Key insights are that all of the various crises facing humanity spring from a single cause. Piecemeal or ad hoc attempts to deal with one of more of these crises without addressing their fundamental cause are less than useless--they waste time and resources without any possibility of success. It then follows logically from this realization that truly effective change must involve replacing neoliberal finance capitalism as the organizing principle for humanity. Nothing less than this total change in our planetary political economy can produce meaningful results.
Armed with this understanding Dr. Ahmed analyzes the inner logic of this peculiar form of capitalism (it is by no means the only variant of capitalism possible) in very great detail in his seventh chapter entitled: "Diagnosis--Interrogating the Global Political Economy."
I found this chapter to be brilliant. Up until this point, I had wondered whether the author would be able to make a fundamentally new contribution to this discussion. Many people, Mike Ruppert, John Michael Greer, Carolyn Baker, James Howard Kunstler, even myself, have already weighed in substantively concerning some or all of the topics discussed herein. I should note however, that any reader who is not well versed in these issue areas will find this portion of the book to be a fine introduction to them.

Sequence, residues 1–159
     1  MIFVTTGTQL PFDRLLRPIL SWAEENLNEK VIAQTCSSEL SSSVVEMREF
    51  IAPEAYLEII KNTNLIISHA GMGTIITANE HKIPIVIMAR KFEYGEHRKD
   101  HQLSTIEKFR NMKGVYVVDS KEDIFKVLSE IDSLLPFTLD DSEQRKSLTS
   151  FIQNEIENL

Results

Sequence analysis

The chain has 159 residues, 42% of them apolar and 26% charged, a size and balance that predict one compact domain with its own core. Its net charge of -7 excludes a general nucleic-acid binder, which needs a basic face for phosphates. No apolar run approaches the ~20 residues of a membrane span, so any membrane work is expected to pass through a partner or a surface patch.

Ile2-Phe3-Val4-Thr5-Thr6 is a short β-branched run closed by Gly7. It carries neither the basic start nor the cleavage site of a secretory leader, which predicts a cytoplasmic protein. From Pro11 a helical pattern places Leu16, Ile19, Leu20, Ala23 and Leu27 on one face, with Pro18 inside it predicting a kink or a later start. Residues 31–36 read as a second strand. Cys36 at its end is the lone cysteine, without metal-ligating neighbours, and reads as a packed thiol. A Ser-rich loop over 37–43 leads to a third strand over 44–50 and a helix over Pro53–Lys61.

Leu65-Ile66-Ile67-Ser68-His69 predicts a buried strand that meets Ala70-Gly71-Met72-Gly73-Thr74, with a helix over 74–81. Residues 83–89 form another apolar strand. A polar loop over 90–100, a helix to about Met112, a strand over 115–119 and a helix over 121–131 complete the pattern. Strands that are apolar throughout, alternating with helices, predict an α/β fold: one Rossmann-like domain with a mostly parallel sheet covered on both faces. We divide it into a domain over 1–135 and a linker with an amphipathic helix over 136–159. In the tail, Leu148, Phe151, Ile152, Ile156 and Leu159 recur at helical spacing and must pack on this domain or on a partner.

From my perspective at least, it is in this seventh chapter in which the author really adds new insights to the global crises conversation. This insightful chapter, while information rich, is written so that any reasonably intelligent, motivated reader can understand it.
I found it to be personally, very educational, as well as enlightening. By carefully unveiling the core nature of our animating system, it is possible to both understand why such a system cannot be "fixed" as well as to begin to grasp the outlines for the system which must replace it. I strongly recommend careful reading of this chapter. In fact, I recommend buying this book because of the chapter. Read it carefully and learn.